Dag Sneeggen
Room: Plenary





OAuch: Analyzing the Security Best Practices in the OAuth 2.0 Ecosystem
OAuch is a security testing framework for OAuth 2.0 implementations. OAuth 2.0 implementations are semi-automatically tested using a large set of security-related tests. The tests are based on the requirements put forth by the original OAuth 2.0 specification, as well as several other documents that refine the security assumptions and requirements. OAuch also includes test sets specific to OpenID Connect (OIDC) and Financial-grade APIs. OAuch computes an overall score that gives an indication of how well the tested sites adheres to the security requirements of the standards. Vulnerabilities that are found or countermeasures that are missing in the implementation all contribute to a lower score. The impact of a failed test case on the resulting score depends on the requirement level as specified by the standard. For example, a missing countermeasure that is denoted as a 'MUST' in the standard will negatively impact the score more than a missing 'SHOULD' countermeasure. In addition to the score, the framework also generates a report with information about the failed test cases. This includes a description of each test case, a link to the (section in the) relevant standard, and a detailed log of the test. The log contains raw data such as HTTP requests and decoded JWT tokens, and allows the owner of the service to reconstruct the test. It is important to note that OAuch is a testing framework that tests compliance with the OAuth 2.0 specification. Although it focuses on security, a failed test does not necessarily imply that a vulnerability exists in the implementation. Hence, it should not be seen as a vulnerability scanner. That said, failed tests do indicate weak points in the implementation that may be exploitable. As such, an attacker could use OAuch to quickly determine which attack vectors (s)he should focus on. This talk presents the OAuch test framework. We will also give a first look at the results of our analysis of the OAuth/OIDC ecosystem, where we test a number of high-profile implementations and providers.
Pieter Philippaerts
Room: ROOM 2


Formal Security Analysis of Web Payment API
So far, many proprietary solutions exist to facilitate online sales processes and they all share the need to obtain customer information and to perform a corresponding financial transaction. The Web Payment APIs are a set of specifications by the W3C Web Payments Working Group that aim to offer new and improved checkout and payment mechanisms for the Web. As these specifications strive to become the new standard for Web payments, security is a crucial aspect. We have performed a rigorous, systematic formal analysis of the proposed Web Payment standards, based on the Web Infrastructure Model (WIM). The WIM is the most comprehensive formal model of the Web to date and serves as a framework to precisely analyze Web protocols, standards, and applications. During our analysis of the Web Payment specification, we discovered several vulnerabilities, one of which even allowed a malicious merchant to charge a customer multiple times for the same transaction. This security flaw is caused by an imprecision in the specification, which we discovered when trying to prove security. We verified that the attack works in practice and notified the W3C Web Payments Working Group as well as the Chromium developers about our findings. We also proposed fixes for the problem, which have been adopted in the meantime. We have also incorporated these fixes in our formal model and have then formally proved that the fixed standard is secure.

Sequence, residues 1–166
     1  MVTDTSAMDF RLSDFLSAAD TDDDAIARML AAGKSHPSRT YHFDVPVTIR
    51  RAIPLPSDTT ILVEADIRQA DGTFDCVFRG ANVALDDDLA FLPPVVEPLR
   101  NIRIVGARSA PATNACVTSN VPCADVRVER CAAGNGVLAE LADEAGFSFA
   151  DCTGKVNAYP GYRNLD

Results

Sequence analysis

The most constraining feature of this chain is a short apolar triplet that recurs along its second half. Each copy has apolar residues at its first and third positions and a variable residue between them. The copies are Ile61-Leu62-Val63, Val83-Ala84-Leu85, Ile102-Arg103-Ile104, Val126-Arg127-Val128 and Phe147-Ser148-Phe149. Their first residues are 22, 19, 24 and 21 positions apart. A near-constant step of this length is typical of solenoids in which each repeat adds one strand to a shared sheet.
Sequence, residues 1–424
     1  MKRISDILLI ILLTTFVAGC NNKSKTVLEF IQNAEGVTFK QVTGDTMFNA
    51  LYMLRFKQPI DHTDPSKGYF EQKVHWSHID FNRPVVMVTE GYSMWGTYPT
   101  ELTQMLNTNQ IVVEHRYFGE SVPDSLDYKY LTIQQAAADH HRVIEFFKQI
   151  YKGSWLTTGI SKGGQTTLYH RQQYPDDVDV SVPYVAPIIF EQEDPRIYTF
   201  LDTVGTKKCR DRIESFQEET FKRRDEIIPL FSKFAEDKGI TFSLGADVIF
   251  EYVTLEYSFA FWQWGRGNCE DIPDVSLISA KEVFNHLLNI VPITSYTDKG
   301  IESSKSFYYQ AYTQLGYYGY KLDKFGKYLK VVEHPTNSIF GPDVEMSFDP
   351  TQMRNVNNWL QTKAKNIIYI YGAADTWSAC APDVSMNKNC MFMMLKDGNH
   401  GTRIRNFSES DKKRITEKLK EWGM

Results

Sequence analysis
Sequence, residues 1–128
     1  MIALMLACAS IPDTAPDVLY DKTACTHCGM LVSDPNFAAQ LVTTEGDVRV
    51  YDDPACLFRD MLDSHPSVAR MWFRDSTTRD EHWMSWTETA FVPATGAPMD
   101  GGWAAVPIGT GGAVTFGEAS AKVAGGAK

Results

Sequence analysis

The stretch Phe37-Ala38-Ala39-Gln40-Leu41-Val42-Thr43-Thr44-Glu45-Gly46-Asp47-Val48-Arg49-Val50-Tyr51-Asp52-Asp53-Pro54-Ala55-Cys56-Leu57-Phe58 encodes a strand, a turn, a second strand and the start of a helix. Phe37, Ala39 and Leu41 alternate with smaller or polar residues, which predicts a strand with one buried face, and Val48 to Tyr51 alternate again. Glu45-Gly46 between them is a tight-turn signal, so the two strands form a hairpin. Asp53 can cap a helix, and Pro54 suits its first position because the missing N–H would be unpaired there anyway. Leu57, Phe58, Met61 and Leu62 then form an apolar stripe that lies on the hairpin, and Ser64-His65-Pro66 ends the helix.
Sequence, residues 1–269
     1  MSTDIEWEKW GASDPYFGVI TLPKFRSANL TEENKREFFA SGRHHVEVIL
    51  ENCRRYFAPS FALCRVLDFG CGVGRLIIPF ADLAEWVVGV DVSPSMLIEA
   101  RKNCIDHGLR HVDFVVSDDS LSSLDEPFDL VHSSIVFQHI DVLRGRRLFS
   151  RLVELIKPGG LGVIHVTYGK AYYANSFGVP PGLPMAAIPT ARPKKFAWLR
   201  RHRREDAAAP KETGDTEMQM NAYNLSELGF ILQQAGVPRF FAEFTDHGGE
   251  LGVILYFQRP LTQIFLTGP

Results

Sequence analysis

Tim Würtele
Room: Plenary


Consideration on Holder-of-Key Bound Token from FAPI implementer's perspective
We have been implementing FAPI Read Only API Security Profiles and FAPI Read and Write API Security Profiles to the Open Source Software. During this work, we have found some points to be considered for making FAPI Security Profile more beneficial. In this talk, we will pick up one of such points, "Sender Constraint Token". One of the methods to realize the sender constraint token is Holder-of-Key Bound and FAPI Read and Write API Security Profiles states that Authorization Code, Access Token and Refresh Token be Holder-of-Key bound. To make these tokens being Holder-of-Key bound, FAPI Read and Write API Security Profile states that OAuth 2.0 Token Binding [OAUTB] or OAuth 2.0 Mutual-TLS Client Authentication and Certificate-Bound Access Tokens [MTLS] are acceptable. At first, we pick up Holder-of-Key bound Authorization Code by [OAUTB] and [MTLS]. We discuss the applicability of each method and clarify whose key can be bound with the authorization code on each method by considering the nature of the technology each method adopts and the authorization code's nature theoretically. We also discuss whose key should be bound with the authorization code in the context of Authorization Code Grant and how to realize Holder-of-Key bound token which is not directly sent to the token receiver (namely, the client) from the token issuer (namely, the authorization server). Next, we pick up Holder-of-Key Bound Access Token and Refresh Token by [OAUTB] and [MTLS]. We discuss the applicability of each method. We also tell some issues we found when we had implemented the Holder-of-Key bound access token and refresh token to OSS by [MTLS] and discuss how to resolve them. Finally, we discuss the other method to realize the sender constraint token, that is "Client Bound Token" to get around issues when realizing the sender constraint token by Holder-of-Key bound authorization code, access token and refresh token.